Contributions of mean and shape of blood pressure distribution to worldwide trends and variations in raised blood pressure: a pooled analysis of 1018 population-based measurement studies with 88.6 million participants

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Oxford University Press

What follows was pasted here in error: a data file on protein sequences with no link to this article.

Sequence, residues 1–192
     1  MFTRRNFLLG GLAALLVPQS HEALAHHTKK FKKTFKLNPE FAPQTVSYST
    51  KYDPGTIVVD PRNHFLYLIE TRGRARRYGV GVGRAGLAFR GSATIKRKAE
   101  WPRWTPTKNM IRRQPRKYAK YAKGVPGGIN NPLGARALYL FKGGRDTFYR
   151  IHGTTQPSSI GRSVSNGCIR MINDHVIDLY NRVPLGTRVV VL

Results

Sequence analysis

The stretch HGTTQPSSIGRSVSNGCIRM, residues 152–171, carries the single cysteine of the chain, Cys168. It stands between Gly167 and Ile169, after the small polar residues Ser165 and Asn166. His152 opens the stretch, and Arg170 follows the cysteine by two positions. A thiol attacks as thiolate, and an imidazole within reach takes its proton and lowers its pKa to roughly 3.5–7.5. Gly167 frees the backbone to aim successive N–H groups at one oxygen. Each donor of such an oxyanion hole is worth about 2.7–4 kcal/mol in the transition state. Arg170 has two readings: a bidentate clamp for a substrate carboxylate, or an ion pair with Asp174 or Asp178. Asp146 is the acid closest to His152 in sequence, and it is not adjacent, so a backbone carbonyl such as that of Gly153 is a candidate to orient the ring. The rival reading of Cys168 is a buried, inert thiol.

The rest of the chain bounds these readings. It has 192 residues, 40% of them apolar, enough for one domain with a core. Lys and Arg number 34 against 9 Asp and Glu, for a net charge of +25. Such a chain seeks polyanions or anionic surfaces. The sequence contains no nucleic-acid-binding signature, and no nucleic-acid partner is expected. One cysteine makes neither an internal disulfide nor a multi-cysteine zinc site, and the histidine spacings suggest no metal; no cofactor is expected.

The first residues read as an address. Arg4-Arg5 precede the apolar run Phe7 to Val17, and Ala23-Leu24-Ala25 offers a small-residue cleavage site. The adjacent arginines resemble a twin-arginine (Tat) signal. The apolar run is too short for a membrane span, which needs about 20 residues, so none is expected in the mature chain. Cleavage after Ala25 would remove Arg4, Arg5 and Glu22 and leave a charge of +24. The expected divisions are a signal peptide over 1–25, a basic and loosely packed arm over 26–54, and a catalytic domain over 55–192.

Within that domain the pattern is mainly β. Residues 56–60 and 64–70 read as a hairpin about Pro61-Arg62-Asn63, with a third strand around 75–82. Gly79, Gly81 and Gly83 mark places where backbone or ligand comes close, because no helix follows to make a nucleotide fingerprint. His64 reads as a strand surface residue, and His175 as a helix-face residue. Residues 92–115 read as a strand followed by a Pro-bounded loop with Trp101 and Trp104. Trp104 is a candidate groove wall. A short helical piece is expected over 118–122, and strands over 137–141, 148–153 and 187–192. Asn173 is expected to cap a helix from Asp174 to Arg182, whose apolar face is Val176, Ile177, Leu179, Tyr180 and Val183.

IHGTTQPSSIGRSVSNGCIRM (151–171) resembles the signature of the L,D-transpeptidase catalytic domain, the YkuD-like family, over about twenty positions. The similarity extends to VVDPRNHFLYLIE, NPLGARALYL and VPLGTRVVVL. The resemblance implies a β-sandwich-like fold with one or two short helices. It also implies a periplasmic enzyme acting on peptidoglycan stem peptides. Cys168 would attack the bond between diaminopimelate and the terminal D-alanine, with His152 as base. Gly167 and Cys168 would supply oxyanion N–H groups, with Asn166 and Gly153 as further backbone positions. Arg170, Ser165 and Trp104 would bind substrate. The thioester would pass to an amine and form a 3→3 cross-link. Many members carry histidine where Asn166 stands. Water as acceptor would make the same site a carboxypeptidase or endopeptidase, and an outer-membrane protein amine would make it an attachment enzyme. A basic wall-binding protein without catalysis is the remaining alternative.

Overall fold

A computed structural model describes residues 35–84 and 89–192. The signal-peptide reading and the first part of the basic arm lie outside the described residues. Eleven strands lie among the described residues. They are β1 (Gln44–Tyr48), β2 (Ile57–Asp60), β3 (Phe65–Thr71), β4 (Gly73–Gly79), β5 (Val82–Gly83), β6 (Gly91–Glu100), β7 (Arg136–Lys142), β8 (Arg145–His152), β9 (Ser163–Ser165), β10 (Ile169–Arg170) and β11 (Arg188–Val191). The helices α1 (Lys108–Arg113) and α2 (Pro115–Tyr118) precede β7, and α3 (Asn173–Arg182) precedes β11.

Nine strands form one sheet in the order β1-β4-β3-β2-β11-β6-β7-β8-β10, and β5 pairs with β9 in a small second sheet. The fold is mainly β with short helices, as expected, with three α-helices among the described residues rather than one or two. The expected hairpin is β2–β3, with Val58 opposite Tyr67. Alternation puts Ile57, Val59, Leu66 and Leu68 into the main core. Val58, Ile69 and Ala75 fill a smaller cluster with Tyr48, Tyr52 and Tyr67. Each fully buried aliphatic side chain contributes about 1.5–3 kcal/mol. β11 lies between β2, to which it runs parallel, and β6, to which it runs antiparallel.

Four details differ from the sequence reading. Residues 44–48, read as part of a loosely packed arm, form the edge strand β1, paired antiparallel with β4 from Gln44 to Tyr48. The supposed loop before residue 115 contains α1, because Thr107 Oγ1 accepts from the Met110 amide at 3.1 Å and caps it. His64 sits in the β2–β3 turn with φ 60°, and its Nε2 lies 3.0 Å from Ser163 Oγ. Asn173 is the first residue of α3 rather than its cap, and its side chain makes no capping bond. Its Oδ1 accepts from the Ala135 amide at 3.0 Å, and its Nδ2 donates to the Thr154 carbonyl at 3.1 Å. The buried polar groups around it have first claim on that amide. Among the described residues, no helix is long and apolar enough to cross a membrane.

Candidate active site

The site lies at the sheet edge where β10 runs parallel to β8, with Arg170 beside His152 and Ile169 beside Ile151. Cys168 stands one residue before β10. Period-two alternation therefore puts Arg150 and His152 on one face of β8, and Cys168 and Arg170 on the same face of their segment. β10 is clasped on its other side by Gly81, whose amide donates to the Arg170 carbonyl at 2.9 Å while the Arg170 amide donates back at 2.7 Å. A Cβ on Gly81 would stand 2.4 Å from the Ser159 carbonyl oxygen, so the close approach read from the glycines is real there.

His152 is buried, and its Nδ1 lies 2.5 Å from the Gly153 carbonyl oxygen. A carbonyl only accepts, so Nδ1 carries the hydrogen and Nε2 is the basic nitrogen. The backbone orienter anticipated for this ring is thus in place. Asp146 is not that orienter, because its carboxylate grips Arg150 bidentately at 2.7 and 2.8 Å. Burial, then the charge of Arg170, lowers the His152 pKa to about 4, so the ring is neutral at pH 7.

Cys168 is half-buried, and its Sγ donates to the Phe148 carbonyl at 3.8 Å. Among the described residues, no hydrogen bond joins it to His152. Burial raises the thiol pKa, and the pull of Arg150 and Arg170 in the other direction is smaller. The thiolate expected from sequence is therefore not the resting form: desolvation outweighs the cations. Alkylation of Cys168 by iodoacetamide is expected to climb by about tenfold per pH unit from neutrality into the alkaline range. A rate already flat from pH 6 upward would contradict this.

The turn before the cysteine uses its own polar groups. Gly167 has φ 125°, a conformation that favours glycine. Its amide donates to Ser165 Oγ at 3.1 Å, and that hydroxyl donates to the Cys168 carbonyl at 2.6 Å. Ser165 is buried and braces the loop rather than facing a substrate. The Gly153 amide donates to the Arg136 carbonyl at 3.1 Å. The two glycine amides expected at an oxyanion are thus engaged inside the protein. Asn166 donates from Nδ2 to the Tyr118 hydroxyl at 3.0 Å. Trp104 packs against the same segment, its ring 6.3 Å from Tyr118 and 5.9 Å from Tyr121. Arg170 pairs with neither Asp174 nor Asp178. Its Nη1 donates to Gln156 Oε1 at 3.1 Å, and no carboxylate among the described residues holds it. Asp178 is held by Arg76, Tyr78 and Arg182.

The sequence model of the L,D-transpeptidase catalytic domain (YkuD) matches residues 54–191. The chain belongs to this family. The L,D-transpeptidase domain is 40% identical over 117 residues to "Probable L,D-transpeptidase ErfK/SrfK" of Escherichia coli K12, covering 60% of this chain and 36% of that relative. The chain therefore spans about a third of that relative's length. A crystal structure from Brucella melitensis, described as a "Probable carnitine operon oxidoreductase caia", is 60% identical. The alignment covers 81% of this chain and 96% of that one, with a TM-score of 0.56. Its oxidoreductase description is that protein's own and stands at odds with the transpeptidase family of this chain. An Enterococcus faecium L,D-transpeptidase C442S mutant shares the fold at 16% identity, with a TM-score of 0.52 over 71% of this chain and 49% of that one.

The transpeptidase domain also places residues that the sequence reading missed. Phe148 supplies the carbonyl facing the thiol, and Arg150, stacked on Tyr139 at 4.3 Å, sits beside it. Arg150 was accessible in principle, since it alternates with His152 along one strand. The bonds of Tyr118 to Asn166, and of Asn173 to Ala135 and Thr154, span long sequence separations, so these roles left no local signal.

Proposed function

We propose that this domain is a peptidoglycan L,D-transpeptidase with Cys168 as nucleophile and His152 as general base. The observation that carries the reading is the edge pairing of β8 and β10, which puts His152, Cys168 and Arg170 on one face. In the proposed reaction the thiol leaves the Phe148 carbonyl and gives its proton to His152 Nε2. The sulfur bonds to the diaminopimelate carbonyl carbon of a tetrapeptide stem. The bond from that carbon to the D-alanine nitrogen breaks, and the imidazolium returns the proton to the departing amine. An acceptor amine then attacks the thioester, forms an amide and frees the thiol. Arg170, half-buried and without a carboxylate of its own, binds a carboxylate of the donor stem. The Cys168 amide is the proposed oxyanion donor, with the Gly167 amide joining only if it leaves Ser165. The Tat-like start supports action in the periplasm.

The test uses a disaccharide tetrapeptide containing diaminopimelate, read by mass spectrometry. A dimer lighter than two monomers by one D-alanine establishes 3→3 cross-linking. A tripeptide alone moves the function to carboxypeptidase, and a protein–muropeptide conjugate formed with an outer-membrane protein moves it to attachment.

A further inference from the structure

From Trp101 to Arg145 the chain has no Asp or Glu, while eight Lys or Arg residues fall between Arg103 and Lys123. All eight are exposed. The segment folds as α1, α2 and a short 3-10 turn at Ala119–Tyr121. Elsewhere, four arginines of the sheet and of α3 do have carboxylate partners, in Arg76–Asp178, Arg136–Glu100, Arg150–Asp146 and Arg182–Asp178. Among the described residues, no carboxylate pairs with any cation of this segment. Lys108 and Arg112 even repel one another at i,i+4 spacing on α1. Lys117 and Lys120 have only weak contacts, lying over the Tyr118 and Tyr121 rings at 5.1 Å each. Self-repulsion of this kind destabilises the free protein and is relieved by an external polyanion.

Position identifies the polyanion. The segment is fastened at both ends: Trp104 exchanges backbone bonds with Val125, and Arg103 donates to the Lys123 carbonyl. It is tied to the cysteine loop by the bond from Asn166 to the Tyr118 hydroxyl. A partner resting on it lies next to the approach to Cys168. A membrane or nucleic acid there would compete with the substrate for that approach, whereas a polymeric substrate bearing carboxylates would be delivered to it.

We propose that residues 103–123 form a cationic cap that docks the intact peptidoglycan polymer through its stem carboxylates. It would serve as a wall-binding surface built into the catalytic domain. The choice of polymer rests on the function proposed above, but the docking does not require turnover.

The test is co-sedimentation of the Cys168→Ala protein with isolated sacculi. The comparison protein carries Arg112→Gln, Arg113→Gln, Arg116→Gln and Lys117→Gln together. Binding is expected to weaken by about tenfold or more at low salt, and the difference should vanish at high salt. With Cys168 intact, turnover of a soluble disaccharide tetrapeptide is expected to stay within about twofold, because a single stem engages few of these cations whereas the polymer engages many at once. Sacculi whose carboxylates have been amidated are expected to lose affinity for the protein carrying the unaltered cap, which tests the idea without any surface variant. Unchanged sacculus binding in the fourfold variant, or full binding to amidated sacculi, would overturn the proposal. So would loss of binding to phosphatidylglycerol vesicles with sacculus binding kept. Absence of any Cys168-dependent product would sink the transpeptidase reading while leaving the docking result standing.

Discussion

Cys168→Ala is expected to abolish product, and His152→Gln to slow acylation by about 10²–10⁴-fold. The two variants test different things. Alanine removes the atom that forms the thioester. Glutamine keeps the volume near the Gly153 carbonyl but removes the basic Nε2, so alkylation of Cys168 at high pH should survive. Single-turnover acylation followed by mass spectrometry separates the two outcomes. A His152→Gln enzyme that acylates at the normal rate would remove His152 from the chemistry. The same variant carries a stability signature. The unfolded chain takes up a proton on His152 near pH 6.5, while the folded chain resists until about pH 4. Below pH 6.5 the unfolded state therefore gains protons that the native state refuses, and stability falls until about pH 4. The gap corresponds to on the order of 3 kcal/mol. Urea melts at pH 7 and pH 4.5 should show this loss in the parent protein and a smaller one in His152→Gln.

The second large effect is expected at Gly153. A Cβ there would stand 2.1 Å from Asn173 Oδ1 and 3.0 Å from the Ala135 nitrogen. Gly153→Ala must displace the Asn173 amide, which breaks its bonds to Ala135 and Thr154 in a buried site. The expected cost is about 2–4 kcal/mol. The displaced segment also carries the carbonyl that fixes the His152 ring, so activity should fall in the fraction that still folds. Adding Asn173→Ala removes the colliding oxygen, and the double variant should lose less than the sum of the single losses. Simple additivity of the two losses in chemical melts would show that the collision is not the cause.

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© The Author(s) 2018. Published by Oxford University Press on behalf of the International Epidemiological Association.
ISSN
0300-5771
eISSN
1464-3685
D.O.I.
10.1093/ije/dyy016
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Abstract